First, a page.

Cesc Fabregas’s time in English football has come to an end.
After playing 501 games in nearly 13 years for both Arsenal and Chelsea, the Spaniard has called time on a glittering Premier League career to join up with his old team-mate Thierry Henry at Monaco.
talkSPORT.com asks, where does he rank in the top seven Spanish players to play in the Premier League?
Find out what we think below…
7. Juan Mata (Chelsea and Manchester United)
Mata signed for Chelsea from Valencia for £23.5million in 2011 and proved to be crucial in the Blues’ success in his three-year spell with the club.
In his first season he finished second in the assists charts behind David Silva with 14, and went on to win the club’s Player of the Season award.
He was instrumental in Chelsea’s FA Cup and Champions League victory that season.
Mata then played a pivotal role in Chelsea’s Europa League victory the following season – assisting Branislav Ivanovic’s winner in the match, he then won Player of the Season for his side for the second time.
After falling out of favour with Jose Mourinho, Mata moved to Manchester United in a £40million deal and has been a useful player for the Red Devils – although not as crucial as he was for Chelsea.
The Spaniard has contributed 50 goals and 50 assists in his 235 Premier League appearances.
6. Cesar Azipilicueta (Chelsea)
Jose Mourinho once said: “Azpilicueta is the kind of player I like a lot. I think a team with 11 Azpilicuetas would probably win the Champions League because football is not just about pure talent”.
Azpilicueta signed for Chelsea from Marseille for just £7million in what has to be seen as one of the best bargain deals in Premier League history.
The right-back, who is now vice-captain of Chelsea, has made his name as one of the most consistent full-backs in his seven years with the club and even starred in Antonio Conte’s back-three.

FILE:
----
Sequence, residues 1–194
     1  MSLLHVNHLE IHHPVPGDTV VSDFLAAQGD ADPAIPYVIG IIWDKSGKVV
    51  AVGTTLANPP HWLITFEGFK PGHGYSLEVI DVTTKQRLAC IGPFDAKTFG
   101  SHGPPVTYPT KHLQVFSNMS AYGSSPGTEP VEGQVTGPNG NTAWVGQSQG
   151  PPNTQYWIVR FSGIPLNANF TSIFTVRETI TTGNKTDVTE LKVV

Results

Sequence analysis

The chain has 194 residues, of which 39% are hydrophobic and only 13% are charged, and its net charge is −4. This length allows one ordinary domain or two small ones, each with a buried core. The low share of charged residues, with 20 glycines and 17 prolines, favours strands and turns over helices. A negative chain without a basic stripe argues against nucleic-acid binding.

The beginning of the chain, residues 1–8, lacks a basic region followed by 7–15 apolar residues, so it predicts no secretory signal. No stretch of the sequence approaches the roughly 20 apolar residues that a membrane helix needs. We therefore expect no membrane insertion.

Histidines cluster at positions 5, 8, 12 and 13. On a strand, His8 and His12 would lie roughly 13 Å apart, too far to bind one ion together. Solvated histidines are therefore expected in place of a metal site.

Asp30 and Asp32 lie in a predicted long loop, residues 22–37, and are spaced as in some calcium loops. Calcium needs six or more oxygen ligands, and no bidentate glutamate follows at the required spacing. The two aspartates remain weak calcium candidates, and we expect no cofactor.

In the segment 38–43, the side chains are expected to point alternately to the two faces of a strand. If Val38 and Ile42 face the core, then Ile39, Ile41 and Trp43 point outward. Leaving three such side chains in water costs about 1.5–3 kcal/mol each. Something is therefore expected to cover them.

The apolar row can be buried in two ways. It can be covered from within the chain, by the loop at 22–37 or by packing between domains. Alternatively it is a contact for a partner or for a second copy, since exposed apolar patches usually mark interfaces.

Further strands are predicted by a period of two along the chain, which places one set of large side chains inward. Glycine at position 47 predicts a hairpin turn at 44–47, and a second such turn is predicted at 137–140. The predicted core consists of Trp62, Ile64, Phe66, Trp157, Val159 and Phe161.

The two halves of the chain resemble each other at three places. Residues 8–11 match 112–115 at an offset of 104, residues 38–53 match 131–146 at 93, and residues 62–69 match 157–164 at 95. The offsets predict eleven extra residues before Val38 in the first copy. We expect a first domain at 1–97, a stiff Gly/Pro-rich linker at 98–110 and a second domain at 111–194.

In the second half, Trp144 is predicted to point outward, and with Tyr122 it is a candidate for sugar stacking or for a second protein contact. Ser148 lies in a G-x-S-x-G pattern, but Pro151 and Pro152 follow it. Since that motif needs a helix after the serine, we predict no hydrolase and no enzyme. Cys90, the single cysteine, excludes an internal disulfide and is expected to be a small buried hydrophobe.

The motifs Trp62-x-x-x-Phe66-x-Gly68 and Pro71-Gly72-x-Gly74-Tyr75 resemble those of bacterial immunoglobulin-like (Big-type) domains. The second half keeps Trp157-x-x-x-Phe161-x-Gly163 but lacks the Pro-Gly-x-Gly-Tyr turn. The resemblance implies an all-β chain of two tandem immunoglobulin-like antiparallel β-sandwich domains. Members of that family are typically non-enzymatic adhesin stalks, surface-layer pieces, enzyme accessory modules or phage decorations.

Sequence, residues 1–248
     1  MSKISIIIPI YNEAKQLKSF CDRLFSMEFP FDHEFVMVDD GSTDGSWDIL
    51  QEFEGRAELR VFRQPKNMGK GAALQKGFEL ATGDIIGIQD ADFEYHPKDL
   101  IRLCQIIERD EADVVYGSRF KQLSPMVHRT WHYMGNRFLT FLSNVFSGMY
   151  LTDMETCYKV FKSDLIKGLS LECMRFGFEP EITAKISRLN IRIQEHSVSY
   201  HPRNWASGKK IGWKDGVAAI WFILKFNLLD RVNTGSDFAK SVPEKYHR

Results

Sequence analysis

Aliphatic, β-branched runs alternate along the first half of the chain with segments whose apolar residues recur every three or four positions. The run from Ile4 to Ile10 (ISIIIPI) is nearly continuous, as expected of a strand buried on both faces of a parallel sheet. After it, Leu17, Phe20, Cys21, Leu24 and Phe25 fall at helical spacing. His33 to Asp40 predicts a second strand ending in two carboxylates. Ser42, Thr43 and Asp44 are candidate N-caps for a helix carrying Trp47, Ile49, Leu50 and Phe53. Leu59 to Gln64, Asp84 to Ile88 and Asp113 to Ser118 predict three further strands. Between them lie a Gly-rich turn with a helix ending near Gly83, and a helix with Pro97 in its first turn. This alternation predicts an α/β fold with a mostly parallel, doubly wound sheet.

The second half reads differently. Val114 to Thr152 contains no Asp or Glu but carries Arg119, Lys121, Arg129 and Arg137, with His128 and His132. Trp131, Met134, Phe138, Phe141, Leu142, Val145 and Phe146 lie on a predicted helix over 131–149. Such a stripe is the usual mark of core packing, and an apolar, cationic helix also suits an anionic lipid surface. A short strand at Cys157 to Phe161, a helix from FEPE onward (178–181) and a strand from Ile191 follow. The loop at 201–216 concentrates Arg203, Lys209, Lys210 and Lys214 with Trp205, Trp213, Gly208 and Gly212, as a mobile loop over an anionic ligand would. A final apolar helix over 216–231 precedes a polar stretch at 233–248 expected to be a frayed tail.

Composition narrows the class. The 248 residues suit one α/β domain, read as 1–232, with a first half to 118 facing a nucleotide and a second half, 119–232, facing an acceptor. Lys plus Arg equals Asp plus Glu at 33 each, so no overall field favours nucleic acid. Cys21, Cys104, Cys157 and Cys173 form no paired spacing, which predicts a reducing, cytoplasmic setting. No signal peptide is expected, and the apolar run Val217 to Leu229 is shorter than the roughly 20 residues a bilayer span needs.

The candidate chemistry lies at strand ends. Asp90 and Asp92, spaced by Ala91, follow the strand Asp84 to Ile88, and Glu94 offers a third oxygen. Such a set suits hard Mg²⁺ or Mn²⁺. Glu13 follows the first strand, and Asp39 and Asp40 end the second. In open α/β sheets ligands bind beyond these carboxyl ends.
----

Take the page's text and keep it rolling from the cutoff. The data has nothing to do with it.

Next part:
He has won the Premier League twice, the Europa League and the FA Cup with the Blues.
He also played every minute of Chelsea’s Premier League title victory under Antonio Conte in the 2016/17 season.
Azpi is favourite to take over the Chelsea captaincy when Gary Cahill leaves the club.
5. Fernando Torres (Liverpool and Chelsea)
Torres has to go down as one of the best strikers in Premier League history.
The Spaniard was an aggressive and direct striker with a devastating finish.
Having signed for Liverpool from Atletico Madrid for the big money fee of £20million in 2007, there was a lot of pressure on his shoulders
But he took it in his stride, scoring on his debut against Chelsea in the community shield and finishing his first season as second top scorer with 24 goals.
He formed one of the most lethal partnerships the Premier League has ever seen with Steven Gerrard and was widely thought of as one of the best finishers in the game.
Torres then moved to Chelsea in January for £50million in 2011, where he failed to rediscover the same blistering form at Stamford Bridge – but still he won the Champions League, the Europa League and the FA Cup with the Blues.
Torres will remain a legend of the league, with 85 goals and 29 assists in 212 appearances.